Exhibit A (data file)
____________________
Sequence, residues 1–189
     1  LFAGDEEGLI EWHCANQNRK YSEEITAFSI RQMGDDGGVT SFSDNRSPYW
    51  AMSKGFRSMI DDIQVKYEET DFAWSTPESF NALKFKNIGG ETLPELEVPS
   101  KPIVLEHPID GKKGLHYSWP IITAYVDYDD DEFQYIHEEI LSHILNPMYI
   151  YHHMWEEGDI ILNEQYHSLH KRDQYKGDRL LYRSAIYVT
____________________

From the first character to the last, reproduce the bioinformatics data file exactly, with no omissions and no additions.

Sequence, residues 1–189
     1  LFAGDEEGLI EWHCANQNRK YSEEITAFSI RQMGDDGGVT SFSDNRSPYW
    51  AMSKGFRSMI DDIQVKYEET DFAWSTPESF NALKFKNIGG ETLPELEVPS
   101  KPIVLEHPID GKKGLHYSWP IITAYVDYDD DEFQYIHEEI LSHILNPMYI
   151  YHHMWEEGDI ILNEQYHSLH KRDQYKGDRL LYRSAIYVT